Economists Emmanuel Saez, of the University of California–Berkeley, and Gabriel Zucman, of the London School of Economics, are out with a new set of findings on American wealth inequality, and their numbers are startling. Wealth, for reference, is the
value of what you own—assets like housing, stocks, and bonds, minus your debts. And while it certainly comes up from time to time, it has
tended to play second fiddle to income in conversations about America’s widening class divide. In part, that’s because it’s a trickier conversation subject. Wealth has always been far more concentrated than income in the United States. Plus, research suggested that the top 1 percent of households had actually lost some of its share since the 1980s.That might not really have been the case.
Forget the 1 percent. The winners of this race, according to Zucman and Saez, have been the 0.1 percent. Since the 1960s, the richest one-thousandth of U.S. households, with a minimum net worth today above $20 million, have more than doubled their share of U.S. wealth, from around 10 percent to more than 20 percent. Take a moment to process that. One-thousandth of the country owns one-fifth of the wealth. By comparison, the entire top 1 percent of households takes in about 22 percent of U.S. income, counting capital gains.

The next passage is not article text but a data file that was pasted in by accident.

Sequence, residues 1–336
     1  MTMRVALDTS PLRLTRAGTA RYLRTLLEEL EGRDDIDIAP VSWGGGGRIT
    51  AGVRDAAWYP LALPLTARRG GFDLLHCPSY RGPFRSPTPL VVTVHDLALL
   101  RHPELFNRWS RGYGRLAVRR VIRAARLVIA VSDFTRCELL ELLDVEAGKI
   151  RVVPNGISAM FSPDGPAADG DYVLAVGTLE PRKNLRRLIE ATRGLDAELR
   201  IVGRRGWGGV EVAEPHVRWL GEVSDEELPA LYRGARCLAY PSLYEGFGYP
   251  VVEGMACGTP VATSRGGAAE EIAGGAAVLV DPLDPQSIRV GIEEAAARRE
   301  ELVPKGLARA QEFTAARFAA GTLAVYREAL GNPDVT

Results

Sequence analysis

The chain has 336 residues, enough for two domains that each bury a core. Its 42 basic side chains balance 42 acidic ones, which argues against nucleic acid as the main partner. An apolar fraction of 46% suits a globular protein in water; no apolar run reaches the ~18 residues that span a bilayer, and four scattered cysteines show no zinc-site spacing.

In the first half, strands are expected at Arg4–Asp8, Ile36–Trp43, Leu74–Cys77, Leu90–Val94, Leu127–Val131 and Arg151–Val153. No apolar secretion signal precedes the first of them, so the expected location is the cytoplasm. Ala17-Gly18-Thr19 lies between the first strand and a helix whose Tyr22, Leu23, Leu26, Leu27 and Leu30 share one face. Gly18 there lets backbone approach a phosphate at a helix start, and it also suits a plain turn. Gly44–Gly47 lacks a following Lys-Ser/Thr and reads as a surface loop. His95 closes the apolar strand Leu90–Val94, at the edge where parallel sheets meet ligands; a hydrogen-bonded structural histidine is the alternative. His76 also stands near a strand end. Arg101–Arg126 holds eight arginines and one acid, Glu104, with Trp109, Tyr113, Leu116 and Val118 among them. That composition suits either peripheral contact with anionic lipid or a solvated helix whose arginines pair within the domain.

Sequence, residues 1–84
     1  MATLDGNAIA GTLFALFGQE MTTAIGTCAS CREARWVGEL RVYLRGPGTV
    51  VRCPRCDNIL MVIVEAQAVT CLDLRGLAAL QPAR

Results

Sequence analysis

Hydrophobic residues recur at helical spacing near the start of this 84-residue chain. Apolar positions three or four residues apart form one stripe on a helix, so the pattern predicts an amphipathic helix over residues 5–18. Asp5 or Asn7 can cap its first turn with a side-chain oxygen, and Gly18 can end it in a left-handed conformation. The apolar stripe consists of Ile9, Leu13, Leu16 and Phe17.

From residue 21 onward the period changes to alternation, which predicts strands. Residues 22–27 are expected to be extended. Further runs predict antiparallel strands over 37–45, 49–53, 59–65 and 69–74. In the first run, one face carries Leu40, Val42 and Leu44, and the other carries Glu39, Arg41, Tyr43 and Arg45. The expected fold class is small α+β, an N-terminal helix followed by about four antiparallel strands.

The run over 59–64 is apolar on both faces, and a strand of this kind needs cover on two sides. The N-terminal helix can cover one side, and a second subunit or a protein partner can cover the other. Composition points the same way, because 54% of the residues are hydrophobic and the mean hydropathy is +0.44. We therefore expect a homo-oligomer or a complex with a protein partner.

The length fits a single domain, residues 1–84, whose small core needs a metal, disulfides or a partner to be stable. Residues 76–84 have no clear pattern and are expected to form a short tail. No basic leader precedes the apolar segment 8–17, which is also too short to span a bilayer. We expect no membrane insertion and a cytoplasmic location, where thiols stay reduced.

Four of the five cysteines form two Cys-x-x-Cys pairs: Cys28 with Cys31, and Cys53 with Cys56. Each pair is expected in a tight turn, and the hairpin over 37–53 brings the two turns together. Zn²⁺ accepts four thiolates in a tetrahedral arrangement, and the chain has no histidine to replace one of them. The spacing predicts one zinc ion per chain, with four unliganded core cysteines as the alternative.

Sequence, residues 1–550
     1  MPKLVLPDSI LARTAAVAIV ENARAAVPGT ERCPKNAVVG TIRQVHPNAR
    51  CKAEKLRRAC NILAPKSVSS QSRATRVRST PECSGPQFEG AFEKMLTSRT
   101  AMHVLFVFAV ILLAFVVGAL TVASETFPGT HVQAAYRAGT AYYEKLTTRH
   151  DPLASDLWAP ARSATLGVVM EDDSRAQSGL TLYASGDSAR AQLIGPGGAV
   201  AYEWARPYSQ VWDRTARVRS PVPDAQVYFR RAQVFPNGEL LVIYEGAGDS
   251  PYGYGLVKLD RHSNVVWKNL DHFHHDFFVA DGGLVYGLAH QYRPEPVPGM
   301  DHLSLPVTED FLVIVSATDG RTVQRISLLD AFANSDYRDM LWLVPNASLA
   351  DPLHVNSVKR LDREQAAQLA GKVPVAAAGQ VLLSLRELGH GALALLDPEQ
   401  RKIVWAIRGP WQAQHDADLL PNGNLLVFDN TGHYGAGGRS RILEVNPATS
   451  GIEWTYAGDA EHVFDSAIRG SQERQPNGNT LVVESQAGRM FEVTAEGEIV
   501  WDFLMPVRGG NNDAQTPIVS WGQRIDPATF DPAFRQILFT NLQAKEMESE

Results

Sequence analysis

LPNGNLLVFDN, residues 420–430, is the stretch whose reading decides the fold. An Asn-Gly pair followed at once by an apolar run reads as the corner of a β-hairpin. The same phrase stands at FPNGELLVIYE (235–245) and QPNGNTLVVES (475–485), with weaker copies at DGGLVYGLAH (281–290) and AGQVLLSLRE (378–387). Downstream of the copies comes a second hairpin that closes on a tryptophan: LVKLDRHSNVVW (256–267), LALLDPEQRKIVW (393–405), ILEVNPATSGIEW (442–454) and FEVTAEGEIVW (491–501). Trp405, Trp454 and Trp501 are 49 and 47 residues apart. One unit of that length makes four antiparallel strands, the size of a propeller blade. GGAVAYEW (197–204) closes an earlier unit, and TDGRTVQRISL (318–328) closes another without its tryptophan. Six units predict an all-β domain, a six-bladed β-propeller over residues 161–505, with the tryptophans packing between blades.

While the super-rich have risen, the merely affluent have barely budged. As shown on this next graph from Saez and Zucman, the share of wealth belonging to the top 1 to 0.5 percent of households has remained about level. The 0.5 to 0.1 percent have tacked roughly an extra percentage point onto their piece of the pie. The relative gains have been eaten up by the elite—the 0.1 percent and even the 0.01 percent. Continue reading “Wealth gap is worse than you think”